As far as incentivising employees goes, HR needs to try and maximise the contribution which their employees’ talents can make to the success of the organisation. A company and its employees need to share the same values while the approach to doing business and targets has to take account of longer term social and environmental goals as well as short term financial objectives. For example, SC Johnson has built eco-efficiency, sustainability and awareness of the environmental impact of the products it uses into its staff training while similar considerations are also built into management’s bonus schemes.

Working at WBCSD

Eric Dérobert
Director, Finance and Administration, WBCSD

WBCSD currently employ 54 people, including those on secondment.

Typical employee profile:
People with extensive and varied experience in business
People who do not necessarily have a business background but who can apply their specific experience in project work or perhaps in education or communications in WBCSD
People seconded from member companies who stay between 1 and 3 years. WBCSD has welcomed over 30 of these so far. For example, the former Head of the Development Focus Area was from BP; someone from Toyota led the Sustainable Mobility for Development work stream.
Vacancies are notified to member companies. To ensure continuity of knowledge, WBCSD look for permanent staff to fill key positions.
At the same time, people can be recruited externally from job advertisements eg the Media manager.

Internships – 3 per year. Numbers are limited by coaching capacity, finance and the need to divide the workload to provide meaningful work. In addition, work visas can also be difficult to obtain.

As a result of the credit crisis, WBCSD are not actively looking to recruit at present. However, they always welcome CVs from qualified candidates.

Finally, HR has to identify the competencies which are required to fulfil a company’s strategy as well as dealing with a changing competitive environment. As already mentioned, the need for employees to consider environmental, social and economic angles when taking a sustainable development approach to business can help build important skills – for example, leadership, team work and problem-solving – which are transferable to a wide range of situations. Although there are different methods of providing training in sustainable development, which can vary according to the function and responsibility of different posts, there also has to be a common set of values throughout the company to make sure that the philosophy is fully integrated into people management. For instance, the carpet manufacturer Interface has a training programme which requires all their employees to evaluate how they can work more sustainably and at the same time, has modules which are job specific. Procter and Gamble have a programme, “Take the ‘R’ (Responsibility) for Tomorrow”, which promotes smarter workplace habits. One aspect encourages all employees to think about how they travel to work and what energy they use. The idea is then to link their own personal values to the values of the company and so bring a sustainability mindset into the business.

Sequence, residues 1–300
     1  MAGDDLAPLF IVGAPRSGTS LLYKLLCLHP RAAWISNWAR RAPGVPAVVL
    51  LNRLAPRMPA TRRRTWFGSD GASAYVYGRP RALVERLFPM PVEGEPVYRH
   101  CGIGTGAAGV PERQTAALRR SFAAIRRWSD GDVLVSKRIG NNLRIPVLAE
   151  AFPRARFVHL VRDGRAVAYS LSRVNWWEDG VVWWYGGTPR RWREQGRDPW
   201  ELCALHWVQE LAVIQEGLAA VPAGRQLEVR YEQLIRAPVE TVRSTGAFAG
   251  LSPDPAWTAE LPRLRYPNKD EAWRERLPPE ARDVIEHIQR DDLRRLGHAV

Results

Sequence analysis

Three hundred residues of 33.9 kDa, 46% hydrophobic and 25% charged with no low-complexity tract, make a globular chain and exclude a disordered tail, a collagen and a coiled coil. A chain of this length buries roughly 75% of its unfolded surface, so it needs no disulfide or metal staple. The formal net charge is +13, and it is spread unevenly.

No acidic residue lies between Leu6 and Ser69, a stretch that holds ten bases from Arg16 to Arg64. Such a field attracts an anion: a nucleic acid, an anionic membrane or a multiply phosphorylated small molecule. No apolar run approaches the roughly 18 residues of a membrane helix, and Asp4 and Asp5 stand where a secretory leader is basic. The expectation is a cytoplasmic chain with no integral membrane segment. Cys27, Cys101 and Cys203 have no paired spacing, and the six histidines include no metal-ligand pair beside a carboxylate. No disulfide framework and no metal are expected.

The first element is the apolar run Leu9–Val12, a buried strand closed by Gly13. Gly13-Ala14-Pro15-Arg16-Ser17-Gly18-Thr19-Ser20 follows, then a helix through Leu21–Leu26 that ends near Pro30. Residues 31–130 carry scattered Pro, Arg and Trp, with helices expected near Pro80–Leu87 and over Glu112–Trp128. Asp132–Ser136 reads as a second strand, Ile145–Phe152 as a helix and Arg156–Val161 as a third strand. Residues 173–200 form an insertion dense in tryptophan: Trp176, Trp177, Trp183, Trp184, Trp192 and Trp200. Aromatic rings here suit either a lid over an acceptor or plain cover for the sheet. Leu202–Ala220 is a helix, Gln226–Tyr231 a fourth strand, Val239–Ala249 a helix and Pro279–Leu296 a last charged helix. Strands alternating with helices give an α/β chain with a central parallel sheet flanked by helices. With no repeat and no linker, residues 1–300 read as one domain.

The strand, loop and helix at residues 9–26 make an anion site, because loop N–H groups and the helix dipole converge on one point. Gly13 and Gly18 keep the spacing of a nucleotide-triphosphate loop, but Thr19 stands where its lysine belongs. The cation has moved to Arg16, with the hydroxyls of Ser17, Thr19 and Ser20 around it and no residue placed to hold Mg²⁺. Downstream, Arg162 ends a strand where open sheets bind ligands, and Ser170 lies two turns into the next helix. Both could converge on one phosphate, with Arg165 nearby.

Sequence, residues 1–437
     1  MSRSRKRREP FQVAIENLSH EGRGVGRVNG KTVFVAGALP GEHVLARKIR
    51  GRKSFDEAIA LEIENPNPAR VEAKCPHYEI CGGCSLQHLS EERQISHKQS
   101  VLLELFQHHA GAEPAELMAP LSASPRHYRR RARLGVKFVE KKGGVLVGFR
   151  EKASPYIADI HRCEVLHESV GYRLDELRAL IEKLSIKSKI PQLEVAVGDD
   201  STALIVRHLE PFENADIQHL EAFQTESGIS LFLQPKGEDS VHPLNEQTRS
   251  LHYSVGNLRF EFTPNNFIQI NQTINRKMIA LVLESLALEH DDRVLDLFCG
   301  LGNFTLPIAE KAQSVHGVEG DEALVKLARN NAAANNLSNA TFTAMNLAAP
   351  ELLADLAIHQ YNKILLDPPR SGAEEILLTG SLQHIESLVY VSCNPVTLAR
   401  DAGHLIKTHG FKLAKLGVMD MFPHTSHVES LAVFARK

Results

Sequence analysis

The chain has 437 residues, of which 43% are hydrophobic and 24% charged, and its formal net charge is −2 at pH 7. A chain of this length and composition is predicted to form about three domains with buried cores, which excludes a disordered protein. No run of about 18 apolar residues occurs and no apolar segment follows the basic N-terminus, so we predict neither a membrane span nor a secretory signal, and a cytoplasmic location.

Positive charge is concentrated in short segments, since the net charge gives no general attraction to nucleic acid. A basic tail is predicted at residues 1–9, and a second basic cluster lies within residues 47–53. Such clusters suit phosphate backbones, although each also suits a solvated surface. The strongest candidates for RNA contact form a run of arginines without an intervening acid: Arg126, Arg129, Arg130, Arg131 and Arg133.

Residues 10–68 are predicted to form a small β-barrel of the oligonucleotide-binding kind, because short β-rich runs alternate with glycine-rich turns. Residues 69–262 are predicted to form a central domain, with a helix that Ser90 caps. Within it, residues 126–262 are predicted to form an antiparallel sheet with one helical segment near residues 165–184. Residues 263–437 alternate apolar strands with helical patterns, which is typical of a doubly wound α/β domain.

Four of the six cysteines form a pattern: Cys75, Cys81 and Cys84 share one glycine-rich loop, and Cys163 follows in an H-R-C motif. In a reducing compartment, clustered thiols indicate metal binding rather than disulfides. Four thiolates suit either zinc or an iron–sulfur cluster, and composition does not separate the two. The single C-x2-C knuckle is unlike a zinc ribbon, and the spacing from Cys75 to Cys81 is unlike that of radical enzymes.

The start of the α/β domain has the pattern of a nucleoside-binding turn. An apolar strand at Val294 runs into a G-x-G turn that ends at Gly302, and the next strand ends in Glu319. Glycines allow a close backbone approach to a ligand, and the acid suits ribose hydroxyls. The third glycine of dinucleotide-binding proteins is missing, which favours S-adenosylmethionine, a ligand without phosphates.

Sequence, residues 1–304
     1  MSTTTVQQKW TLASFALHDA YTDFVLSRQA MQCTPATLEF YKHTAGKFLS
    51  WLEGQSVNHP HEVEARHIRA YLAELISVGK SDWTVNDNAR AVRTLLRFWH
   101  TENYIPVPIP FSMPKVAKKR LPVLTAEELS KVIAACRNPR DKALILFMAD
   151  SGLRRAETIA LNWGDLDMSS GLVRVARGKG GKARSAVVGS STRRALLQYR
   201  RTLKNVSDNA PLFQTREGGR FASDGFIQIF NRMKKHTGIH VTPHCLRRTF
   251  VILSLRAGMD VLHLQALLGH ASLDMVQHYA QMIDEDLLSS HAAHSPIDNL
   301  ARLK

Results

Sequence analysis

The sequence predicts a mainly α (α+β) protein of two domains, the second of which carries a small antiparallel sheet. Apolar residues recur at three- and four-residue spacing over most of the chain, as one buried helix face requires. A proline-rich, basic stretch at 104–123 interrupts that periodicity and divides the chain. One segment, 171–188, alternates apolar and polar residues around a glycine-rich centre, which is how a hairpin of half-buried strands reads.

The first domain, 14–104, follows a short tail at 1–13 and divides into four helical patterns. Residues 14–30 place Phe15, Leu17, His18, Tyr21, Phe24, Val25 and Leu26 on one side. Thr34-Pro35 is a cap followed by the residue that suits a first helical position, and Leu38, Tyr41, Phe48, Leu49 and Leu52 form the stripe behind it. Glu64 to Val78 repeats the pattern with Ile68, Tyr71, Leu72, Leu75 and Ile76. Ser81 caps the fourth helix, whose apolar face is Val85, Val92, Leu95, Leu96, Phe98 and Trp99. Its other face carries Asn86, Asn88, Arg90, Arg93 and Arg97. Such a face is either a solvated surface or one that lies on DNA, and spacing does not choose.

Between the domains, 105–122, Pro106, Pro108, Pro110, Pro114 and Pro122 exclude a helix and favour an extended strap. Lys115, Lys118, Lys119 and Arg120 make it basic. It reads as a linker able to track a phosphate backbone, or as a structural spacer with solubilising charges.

WBCSD and human resources

The WBCSD help businesses identify issues which can be addressed in the workplace through talent management and capacity building strategies to address their strategic goals and generate long-term value.
According to Katherine, “we help build the business case for sustainability and teach that to companies. We work with our member companies to build the skills with the objective of helping businesses innovate and grow. We provide supporting material and tools to achieve these goals.”

Two such tools helping to integrate sustainable development into people management in the entire organisation, are Chronos and the Future Leaders Team:

Chronos is an e-learning tool created with the Cambridge Programme for Industry. It aims to raise employee awareness and build the business case for sustainable development. Companies are able to customise the tool so it fits their own business model and to date, 250 000 licences have been distributed.

The WBCSD’s Future Leaders Team (FLT) aims to raise awareness of sustainable development in a targetted group of future business leaders from companies operating around the world. The objective is for the members of this group to become effective ambassadors for sustainable development through experiential learning, knowledge creation and the building of their networks and skills. The success of this programme in identifying, shaping and influencing future leaders is evidenced by the fact that 200 sustainability representatives have graduated into the alumni network over the last seven years.

‘Businesses cannot succeed in a society that fails’ – the challenges ahead for sustainable development

The WBCSD believe that businesses today recognise both the need for sustainable development and also the imperative that they are sustainable themselves since, “business cannot succeed in a society that fails”.
Ms Madden again, “Although there are hard times ahead and climate change is one of the most difficult challenges, I am positive of the business community’s capacity to contribute infrastructure, resources and efficiencies to sustainable development….and hopeful that governments will start to provide the frameworks and incentives that we need to make that happen”.

Human resource managers then, have the challenge of producing a strategy for sustainable development within their companies which takes into account the key stakeholders – the company itself, employees, investors, shareholders, customers, communities and governments.